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Akuba Torvikey: Starting at the Roots

Akuba Torvikey poses for a photo holding a PATTERN Beauty hair product.
Akuba Torvikey AB '05 set aside her dreams of becoming a diplomat and found a career in the beauty industry developing products tailored to the needs of Black women.

To Akuba Torvikey, hair is a tool of expression and a symbol of strength.

She is one of many in the natural hair movement working to make Black hair not only accepted but celebrated.

Torvikey AB ’05 is the director of product development for PATTERN Beauty, a hair care brand founded by Tracee Ellis Ross, the Golden Globe-winning star of Black-ish.

“When it comes to Black women, hair is an expression of how we feel,” Torvikey says. “It is like time-honored traditions that have been passed down from generation to generation, and so hair has more meaning and depth to it than what we see on the surface. To be allowed into that process and those traditions is sacred. It’s something I don’t take for granted.”

The natural hair movement celebrates Black hair by nurturing its natural textures. PATTERN Beauty contributes by developing innovative products for curly, coily, and tight-textured hair. Torvikey is responsible for the development of those products. Combining technical skills and creative finesse, she manages every aspect of the product development process from the idea to the finished product.

Product development wasn’t always what she had in mind for her career. It came organically and started in an unlikely place: job interviews with the CIA. It took only a few conversations for Torvikey, an international affairs major, to realize that governmental secrecy wasn’t for her. So she set aside her plan to become a diplomat.

Sort of.

As the director of product development, Torvikey leads communication across her internal teams, outside vendors, and internationally, something that requires the diplomatic skill she gained at UGA.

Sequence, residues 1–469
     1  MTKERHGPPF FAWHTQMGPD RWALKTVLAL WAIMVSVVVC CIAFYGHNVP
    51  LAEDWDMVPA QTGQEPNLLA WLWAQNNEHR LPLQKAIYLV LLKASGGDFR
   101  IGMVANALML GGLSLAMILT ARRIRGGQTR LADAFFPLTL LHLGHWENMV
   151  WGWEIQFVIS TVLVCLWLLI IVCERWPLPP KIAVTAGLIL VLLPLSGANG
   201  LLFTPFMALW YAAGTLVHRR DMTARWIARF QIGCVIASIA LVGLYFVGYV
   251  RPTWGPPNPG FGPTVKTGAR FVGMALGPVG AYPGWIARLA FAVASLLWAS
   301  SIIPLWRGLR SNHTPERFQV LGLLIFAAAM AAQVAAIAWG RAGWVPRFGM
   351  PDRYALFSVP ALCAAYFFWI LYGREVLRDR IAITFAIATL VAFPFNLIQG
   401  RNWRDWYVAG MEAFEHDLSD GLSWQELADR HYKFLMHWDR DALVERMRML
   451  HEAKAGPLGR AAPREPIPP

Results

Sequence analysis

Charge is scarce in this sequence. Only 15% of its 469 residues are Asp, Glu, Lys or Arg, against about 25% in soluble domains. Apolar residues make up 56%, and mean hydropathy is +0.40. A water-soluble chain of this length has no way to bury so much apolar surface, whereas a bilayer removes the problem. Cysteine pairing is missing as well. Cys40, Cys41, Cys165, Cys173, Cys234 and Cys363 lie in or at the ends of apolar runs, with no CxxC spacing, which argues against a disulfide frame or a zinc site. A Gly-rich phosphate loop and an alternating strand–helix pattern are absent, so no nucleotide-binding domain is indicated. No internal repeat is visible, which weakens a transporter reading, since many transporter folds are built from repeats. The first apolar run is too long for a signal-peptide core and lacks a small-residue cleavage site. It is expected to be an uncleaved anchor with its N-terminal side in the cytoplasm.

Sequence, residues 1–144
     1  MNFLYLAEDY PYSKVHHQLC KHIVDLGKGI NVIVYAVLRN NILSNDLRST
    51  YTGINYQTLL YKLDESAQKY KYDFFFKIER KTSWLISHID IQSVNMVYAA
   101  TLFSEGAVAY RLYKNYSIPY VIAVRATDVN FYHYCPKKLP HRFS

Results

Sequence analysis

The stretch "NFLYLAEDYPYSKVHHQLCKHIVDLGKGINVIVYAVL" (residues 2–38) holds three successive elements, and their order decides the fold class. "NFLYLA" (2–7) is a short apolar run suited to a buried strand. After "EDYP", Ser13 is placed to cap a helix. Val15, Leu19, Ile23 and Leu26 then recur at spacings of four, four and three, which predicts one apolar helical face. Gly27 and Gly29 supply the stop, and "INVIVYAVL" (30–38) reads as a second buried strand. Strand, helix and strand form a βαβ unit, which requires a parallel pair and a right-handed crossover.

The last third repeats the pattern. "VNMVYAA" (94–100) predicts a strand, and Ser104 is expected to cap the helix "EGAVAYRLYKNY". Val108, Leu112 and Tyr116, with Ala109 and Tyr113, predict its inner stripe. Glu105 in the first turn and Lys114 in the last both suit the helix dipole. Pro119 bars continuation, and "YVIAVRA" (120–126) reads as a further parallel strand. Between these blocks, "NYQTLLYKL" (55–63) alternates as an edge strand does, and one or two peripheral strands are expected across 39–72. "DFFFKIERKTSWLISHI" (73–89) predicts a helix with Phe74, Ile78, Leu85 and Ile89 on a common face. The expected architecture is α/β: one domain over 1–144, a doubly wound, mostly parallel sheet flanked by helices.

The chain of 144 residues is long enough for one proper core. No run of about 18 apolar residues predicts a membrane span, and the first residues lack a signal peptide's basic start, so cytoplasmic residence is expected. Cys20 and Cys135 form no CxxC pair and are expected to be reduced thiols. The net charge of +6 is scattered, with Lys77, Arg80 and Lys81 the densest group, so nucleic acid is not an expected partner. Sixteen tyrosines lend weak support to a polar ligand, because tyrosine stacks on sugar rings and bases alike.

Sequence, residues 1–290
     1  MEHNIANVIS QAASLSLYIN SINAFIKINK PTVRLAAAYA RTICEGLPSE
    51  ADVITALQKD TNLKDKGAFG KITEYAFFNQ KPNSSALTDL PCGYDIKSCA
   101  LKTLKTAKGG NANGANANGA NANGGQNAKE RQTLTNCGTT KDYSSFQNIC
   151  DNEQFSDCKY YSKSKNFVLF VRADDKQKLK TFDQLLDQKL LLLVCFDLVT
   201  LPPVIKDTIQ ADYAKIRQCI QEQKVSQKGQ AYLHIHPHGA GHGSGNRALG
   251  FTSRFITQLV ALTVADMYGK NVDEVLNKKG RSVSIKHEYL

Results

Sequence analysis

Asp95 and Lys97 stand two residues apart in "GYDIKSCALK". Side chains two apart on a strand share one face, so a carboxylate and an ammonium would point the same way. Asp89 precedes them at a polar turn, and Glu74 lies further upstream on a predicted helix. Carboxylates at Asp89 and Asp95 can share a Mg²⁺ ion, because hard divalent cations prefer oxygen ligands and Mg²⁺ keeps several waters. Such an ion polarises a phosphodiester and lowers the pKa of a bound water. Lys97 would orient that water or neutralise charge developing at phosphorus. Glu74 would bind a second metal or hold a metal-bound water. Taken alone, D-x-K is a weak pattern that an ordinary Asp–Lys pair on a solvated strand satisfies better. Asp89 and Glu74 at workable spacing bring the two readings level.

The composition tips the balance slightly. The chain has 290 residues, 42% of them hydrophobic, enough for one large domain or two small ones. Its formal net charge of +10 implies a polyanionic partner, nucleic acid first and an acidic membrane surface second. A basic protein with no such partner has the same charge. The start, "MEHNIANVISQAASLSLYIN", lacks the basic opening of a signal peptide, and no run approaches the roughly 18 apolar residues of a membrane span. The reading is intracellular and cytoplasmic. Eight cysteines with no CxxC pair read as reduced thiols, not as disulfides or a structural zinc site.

“When it comes to Black women, hair is an expression of how we feel. It is like time-honored traditions that have been passed down from generation to generation, and so hair has more meaning and depth to it than what we see on the surface. To be allowed into that process and those traditions is sacred. It’s something I don’t take for granted.” — Akuba Torvikey AB ’05, director of product development for PATTERN Beauty

After her post-grad epiphany, Torvikey did a stint in IT before landing a position as marketing manager for Bronner Brothers, a legacy Black hair care brand that was struggling to adjust to the modern market. Torvikey’s strategy to use influencers as brand ambassadors proved ahead of its time. She built relationships with the godmothers of the natural hair influencer movement, a now booming community of social media influencers who create content devoted to Black hair care.

“We had no idea what the lasting effect of it would be,” she says. “We were just trying to get through the day-to-day, from this hairstyle to the next. We didn’t know that we were laying a foundation for a movement.”

She continued to push the natural hair movement forward as a product developer and tester for Strength of Nature. Dozens of her products line the shelves anywhere you can buy hair products, many of which are the biggest names in the game.

“When it comes to African American women, in terms of brands I’ve worked with, I’ve touched everyone’s hair. In one way or another, I’ve touched your hair,” she says.

Torvikey stays busy with PATTERN Beauty, but she is steadfast in her mission to ensure there’s a seat at the table for everyone. In 2020, she launched the Breedlove Accelerator for Black-owned beauty and wellness companies. She’s also the founder of a professional community called Beautywise, which brings together Black product developers for networking and introducing grade school students to product development as a career option.

Torvikey knows she is a part of a bigger picture, and she’s working hard to paint more people into it.